Yes when you are ready would you like to tell me what’s troubling you. There is no rush.

It’s Peter, he has lost his job and the baby is on it’s way. We won’t be able to pay the bills. What will we do?

I see, I hear what you are saying. What would you like me to do to help?

I don’t really know.

Would it be an idea for someone from the church to come round and pray with you?

The flat is a tip and I can’t stop crying. The children are unsettled and Peter is so angry about everything he has stormed out!

Can check if I have understood, did you say that Peter is angry and stormed out and the children are unsettled.


I can hear that you are very distressed Julie which is understandable with all you are going through at the moment.

I’m so sorry I have bothered you. There are people out with far worse problems I know.

You are my priority right now Julie and I want to support you and Peter in any way that I can.

Oh, Peter has just come it’s such a relief.

Shall give you and Peter some to talk once you have got the children. Would you like me to get in touch later this evening or in the morning?

Perhaps in the morning please, thank you so much for listening.

  1. Now that you have listened to the conversation, do you think the minister supported Julie during that telephone conversation?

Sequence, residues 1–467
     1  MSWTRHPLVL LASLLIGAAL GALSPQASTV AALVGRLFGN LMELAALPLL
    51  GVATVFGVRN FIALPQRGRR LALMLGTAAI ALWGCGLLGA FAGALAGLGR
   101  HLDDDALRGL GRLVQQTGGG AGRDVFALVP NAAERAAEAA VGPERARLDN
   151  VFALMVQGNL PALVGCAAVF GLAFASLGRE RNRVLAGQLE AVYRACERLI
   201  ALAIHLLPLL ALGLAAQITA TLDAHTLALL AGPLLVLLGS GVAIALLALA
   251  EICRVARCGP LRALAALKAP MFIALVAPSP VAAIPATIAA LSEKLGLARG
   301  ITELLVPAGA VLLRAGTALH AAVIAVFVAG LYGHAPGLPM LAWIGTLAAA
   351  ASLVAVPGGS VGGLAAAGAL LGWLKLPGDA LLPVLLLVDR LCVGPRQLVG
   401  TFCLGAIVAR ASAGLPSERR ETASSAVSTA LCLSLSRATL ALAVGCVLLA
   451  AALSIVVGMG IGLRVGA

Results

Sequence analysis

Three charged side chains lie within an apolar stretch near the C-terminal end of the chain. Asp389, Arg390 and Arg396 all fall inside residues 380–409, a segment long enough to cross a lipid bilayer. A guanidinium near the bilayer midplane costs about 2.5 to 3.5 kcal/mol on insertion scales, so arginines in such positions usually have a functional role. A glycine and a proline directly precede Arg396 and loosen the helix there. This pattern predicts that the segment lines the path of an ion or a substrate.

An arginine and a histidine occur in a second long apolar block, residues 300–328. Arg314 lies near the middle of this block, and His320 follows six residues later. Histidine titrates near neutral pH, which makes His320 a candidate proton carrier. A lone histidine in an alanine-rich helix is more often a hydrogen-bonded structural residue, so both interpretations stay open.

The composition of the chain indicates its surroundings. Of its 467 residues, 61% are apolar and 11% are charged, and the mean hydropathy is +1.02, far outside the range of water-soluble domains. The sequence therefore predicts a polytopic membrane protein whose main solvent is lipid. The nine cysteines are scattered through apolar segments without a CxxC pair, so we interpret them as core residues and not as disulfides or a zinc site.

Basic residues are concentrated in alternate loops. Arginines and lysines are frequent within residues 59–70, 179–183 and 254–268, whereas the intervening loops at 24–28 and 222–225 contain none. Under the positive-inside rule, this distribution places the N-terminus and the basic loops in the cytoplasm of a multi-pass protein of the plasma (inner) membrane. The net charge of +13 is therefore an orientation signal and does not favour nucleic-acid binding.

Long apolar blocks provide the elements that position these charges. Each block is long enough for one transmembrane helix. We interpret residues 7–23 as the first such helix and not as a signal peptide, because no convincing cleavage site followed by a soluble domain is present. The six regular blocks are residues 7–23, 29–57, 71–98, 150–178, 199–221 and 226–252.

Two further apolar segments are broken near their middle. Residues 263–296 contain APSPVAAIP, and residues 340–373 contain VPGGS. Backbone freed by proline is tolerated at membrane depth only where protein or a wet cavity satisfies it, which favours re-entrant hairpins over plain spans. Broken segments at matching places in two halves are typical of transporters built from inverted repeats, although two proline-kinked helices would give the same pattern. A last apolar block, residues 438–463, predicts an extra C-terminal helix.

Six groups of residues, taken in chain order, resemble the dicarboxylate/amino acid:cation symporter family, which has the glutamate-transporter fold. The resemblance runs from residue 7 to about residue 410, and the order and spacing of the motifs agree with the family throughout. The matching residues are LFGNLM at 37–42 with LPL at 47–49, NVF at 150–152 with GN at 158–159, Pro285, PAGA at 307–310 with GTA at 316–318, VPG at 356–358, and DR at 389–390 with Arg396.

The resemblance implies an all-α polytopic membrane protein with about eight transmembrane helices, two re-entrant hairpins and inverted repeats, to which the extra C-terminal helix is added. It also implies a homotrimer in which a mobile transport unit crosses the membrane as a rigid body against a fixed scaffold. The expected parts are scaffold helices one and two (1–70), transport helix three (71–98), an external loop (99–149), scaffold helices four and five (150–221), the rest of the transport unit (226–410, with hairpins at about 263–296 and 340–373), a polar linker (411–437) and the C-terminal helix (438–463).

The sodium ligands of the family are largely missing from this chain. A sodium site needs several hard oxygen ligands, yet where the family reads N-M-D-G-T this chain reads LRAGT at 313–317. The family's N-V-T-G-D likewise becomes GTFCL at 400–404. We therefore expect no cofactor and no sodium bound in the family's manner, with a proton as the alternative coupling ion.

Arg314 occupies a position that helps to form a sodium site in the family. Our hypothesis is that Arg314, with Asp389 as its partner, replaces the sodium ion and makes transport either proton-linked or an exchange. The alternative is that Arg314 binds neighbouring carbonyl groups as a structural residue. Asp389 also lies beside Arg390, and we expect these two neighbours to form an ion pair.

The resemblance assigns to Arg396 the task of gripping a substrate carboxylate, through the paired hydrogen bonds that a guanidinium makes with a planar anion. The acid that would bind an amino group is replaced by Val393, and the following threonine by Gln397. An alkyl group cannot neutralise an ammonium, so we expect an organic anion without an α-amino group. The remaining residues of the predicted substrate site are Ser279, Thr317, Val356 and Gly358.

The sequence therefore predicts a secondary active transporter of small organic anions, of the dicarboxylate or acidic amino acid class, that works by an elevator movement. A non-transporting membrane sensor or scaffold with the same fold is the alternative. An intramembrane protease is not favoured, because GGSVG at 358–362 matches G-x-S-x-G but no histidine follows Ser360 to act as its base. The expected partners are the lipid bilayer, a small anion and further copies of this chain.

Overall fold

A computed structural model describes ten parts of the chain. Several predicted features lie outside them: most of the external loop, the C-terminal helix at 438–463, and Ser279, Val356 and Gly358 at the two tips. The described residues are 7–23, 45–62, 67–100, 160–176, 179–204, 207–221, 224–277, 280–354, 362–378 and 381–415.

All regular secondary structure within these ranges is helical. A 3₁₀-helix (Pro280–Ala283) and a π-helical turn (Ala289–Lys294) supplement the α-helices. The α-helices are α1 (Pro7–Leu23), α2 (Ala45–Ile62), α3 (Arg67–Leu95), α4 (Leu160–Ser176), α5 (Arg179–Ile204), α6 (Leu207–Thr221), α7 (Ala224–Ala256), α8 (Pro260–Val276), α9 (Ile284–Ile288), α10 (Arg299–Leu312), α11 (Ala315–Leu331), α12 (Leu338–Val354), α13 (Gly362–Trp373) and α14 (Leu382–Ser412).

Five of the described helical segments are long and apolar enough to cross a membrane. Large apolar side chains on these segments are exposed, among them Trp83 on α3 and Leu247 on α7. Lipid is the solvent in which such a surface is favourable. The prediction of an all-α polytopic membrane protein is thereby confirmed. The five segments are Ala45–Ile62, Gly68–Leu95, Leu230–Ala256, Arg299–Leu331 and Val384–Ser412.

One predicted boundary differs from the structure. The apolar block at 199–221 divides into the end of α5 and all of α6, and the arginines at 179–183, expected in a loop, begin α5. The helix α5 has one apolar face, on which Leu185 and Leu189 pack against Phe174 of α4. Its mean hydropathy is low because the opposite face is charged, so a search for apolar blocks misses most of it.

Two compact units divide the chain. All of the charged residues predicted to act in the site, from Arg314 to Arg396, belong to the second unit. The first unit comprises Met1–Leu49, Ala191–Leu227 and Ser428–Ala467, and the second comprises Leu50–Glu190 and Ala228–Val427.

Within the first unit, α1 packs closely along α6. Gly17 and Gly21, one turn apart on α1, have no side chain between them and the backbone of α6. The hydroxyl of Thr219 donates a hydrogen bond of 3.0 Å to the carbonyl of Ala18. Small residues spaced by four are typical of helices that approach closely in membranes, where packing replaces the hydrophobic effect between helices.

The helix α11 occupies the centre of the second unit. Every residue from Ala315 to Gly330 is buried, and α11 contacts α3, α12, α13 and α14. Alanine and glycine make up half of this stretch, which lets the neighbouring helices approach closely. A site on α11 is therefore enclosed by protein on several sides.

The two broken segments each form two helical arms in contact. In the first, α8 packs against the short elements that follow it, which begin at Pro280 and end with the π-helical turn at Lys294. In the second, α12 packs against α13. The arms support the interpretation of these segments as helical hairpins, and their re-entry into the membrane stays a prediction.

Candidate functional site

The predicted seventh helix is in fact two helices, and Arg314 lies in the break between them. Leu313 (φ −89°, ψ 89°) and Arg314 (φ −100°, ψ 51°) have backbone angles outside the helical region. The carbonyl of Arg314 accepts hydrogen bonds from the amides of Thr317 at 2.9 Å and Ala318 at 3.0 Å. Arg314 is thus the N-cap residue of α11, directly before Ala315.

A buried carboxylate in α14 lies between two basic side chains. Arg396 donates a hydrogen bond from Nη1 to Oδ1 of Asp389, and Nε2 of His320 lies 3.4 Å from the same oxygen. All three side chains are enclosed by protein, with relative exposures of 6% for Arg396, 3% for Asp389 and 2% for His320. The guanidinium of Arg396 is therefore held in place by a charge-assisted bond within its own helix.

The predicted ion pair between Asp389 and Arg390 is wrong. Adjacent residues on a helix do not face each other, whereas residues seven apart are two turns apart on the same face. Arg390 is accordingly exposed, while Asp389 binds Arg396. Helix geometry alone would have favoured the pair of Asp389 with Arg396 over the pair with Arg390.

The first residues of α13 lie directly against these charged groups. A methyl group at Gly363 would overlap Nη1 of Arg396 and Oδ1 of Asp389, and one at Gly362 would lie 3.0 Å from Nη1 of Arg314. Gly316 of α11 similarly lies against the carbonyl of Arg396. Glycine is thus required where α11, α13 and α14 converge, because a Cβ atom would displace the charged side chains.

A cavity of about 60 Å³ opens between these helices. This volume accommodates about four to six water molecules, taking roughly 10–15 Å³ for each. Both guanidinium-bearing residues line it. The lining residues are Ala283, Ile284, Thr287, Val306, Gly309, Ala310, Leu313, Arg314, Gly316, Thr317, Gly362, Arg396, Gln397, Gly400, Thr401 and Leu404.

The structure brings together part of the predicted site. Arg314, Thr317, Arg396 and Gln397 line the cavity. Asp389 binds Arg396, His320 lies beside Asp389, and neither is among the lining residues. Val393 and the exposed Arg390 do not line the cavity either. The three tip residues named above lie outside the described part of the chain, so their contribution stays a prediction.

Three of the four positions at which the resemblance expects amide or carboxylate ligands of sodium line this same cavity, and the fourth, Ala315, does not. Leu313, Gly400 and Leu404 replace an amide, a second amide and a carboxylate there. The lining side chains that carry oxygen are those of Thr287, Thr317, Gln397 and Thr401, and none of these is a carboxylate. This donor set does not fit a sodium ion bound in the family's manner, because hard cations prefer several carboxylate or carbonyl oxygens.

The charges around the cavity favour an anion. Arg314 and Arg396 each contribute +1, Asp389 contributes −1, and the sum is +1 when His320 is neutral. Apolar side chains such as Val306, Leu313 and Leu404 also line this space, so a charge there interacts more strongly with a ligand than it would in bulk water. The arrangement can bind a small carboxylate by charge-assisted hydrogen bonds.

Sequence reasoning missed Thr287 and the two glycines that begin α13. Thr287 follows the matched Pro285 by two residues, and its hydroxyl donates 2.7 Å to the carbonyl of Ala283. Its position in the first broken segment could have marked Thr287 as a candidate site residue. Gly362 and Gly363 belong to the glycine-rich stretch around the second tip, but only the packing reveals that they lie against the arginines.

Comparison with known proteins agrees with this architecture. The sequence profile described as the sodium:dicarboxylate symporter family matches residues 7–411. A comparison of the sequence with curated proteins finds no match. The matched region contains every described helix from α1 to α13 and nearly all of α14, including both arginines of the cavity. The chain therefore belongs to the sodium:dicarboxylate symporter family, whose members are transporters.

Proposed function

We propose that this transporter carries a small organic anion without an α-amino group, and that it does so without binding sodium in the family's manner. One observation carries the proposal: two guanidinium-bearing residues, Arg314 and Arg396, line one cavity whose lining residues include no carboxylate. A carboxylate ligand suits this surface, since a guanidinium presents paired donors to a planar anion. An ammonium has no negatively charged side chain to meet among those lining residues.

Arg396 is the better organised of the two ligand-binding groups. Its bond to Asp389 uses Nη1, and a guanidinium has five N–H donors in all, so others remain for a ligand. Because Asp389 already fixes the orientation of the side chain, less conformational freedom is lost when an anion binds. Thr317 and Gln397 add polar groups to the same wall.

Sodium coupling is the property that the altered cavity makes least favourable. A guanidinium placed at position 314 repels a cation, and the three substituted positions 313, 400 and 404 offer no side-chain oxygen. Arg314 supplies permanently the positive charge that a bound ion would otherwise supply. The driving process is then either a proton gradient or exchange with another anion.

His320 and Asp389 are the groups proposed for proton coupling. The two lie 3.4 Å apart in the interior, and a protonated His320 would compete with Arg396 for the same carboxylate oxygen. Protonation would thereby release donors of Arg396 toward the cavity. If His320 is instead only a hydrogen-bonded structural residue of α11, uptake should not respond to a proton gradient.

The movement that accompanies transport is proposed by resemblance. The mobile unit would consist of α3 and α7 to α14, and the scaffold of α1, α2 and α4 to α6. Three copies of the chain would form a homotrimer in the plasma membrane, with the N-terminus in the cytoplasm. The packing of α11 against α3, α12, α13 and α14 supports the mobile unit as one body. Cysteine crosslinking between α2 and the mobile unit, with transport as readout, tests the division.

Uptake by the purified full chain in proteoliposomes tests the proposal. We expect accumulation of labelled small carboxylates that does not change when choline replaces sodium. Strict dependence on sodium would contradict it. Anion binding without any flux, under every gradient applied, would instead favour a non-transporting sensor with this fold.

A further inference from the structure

Reflective listening techniques

eg ‘It sounds as if you are saying….?’

‘Can I check if I’ve understood, did you say….?

‘So that’s like you….?’

‘So she went and….?

‘Can you tell me more about….?

‘I wonder if you can tell me how….?

‘How did that make you feel….?

‘If you had the choice, what options might be there be….?’

Minimal Encouragers

We also indicate our willingness to listen by the short sounds or the words we say.

eg ‘Mmm’ , ‘I see’, ‘Yes’, ‘Right’, ‘Go on’, ‘So?’, ‘Really?’, ‘Tell me more?’

Monitoring our use of minimal encouragers is essential because repeated use of the same word or phrase over and over makes us sound like we are listening in a rote fashion like a mechanical doll, rather than with compassion and kindness.